Station 61 Dedication

Yesterday March 29th 2008 was the grand opening of the Phoenix Fire Departments Station 61. Mike, Chris, Sean and I attended. You may note in the picture below that the billboard is missing, I removed it digitally.
The new station is 10500 square feet, and instead of the barracks style sleeping arrangement of many older stations, this fire house has 9 individual dorm style sleeping rooms.
This fire house also has a separate entertainment room. With recliners and a wide screen HDTV.

hmmm... Looks like their favorite program is on now.
There is a second HDTV in the dining area.
This station boast an awesome kitchen, with 3 refrigerators.

There is even a complete weight room.

Strangely though there are only 4 bathrooms. All of them have 1 shower and 1 toilet, even though there is room for several stalls in each, limiting the number of people who can use a bathroom at one time, and each of the bathrooms is labeled differently. One is labeled as "restroom" one as "toilet" and one as "bathroom" I don't remember what the fourth one was called. There is a room just off the bay where the turnout gear is kept.
The bay has room for 3 apparatus. The front doors fold open horizontally. They can open electrically or manually. The open very fast, and they have infrared light sensors to prevent the doors closing on an apparatus.
When we arrived we had missed the landing of "Firebird 10". They landed the helicopter right in front of the station.

There were some little turnout coats, pants and boots on the front of Engine 61. These were for kids to dress up in and get their picture taken.
Here is an interesting comparison. On the left of the pictures below is the radio from a PFD station taken in the late fifties/early sixties. The cabinet on the right side of the left picture "is" the radio and had one frequency.

Contrast that with this station. The radio is a tiny little unit in the center of this cabinet, and has (I believe) at least 10 channels. This cabinet also contains an LCD monitor and a Dell 1U rack mounted server at the bottom.

Quite a lot of people showed up and there was even an unlucky fireman who was dressed up in an inflatable smoke detector costume.

Because of the way the costume is made the guy inside walked in a bizarre 1950's robot looking way. Maybe Mike will post the video on his website. One of the firemen even brought a Dalmation.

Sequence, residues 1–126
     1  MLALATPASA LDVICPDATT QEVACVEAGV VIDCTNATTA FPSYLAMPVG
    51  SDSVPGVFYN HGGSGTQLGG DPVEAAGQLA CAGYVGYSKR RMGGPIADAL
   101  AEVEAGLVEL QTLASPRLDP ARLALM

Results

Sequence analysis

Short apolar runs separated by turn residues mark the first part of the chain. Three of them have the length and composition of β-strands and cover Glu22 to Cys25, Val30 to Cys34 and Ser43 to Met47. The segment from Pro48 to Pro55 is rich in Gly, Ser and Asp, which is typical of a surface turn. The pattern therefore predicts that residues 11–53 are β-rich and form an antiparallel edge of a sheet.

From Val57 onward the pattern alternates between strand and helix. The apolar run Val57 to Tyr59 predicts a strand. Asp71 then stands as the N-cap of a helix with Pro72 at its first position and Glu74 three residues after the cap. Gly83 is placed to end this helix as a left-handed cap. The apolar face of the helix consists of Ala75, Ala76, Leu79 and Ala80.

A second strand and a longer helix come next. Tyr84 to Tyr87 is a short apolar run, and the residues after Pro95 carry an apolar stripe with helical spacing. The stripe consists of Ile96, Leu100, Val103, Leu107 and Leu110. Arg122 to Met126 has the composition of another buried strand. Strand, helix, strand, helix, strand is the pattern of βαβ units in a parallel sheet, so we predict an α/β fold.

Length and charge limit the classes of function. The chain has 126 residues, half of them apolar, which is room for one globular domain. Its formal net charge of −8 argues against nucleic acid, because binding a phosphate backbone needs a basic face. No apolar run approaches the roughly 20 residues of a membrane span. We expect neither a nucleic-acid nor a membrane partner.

Mike and I took the opportunity to take a few HDR pics, here are mine:

OH MY GOD!!! another Humat valve!!!

Here are some Misc. equipment and apparatus pics.

And some pics of wildlife.

There was food and trinkets available but at about the time all of the "dignitaries" arrived and were giving their speeches we decided to leave and have Mexican food at Carlos O'Brien's. Of course the food at the station was not served until "after" the speeches (you have to pay for your meal somehow). Here is the dedication plague for the station.


What's My Engine Company Number?

This article was written by my father "Bob Guildig" and published in the Phoenix Fire Department book "Up From The Ashes" written by Harold Shell in 1986.

What's My Engine Company Number?

Can you imagine coaching a football team when all the players had the same number or no number at all on their jerseys? WELL... before 1969 the Phoenix Fire Department had a lot of fire companies in service with just that problem. Either the same number, the wrong number, or no number at all. You were required to have ESP or something just to be able to identify the companies.

There were times we fire buffs were asked by a captain or chief officer what company was parked a block away from the fire scene. The engine in question was unidentifiable because... Well let me give you a few examples.

Engine Company 1 and 6 were both numbered 6. Engine company 3 and 8 were both numbered 3. At another time Engine company 8 was numbered 34, and Engine company 5 was numbered 12, and at another time 28. Engine company 7 was numbered 4, and so was Engine company 4. Engine Company 14 went in service using a Tanker as their engine but lettered Tanker-Pumper 2. There was a Ladder Company in Phoenix that was lettered Ladder Company 4 on the doors and Truck 2 on the hoods. (It really was Ladder 4).

Can you imagine a "booter" that got assigned to one of the following stations? If he was lucky or maybe if he put a secret mark on the engine he was assigned too, he went home on the right rig because.... Engine Company 9 was numbered 10 and Engine Company 10 was numbered 9 with very similar looking Pirsch pumpers. Part of the problem was solved when the rig of Engine Company 9 was given to Engine Company 10. But when the old rig of Engine Company 10 was repainted and given to Engine Company 15 a new problem developed. Engine Company 12 had a identical rig and both were now in service without any company numbers on the doors.

When Engine Company 9 received a new Van Pelt, the rig was numbered 18 and Engine Company 18 went in service with a twin sister numbered 17. Now Engine Company 17 was lucky they went in service with a new Central rig numbered 17.

Now if this doesn't confuse you, I have a couple more. Engine company 11 was numbered 13 and Engine company 13 was numbered 2 on one side and blank on the other and to top that off both rigs were almost identical. There was also a time when some companies didn't have any numbers. Those being Engine companies 5, 6, 7, 12, 15, 16, 19, 22 and 23. In the early 50's, station 1 ran a Squad company 1 and Engine company 9 ran the old Squad as their engine, BOTH were numbered Squad company 1.

How about a new TV program for the command officers? "What's my Engine Number"?

One last comment. Let's not forget the alarm room. Before 1965 the alarm response cards called for dispatching Ladder Co's 1, 2, 3, and 4. But the in service Ladder Companies were Ladder 1, 4 (2) 9 (4) and 10 (3).


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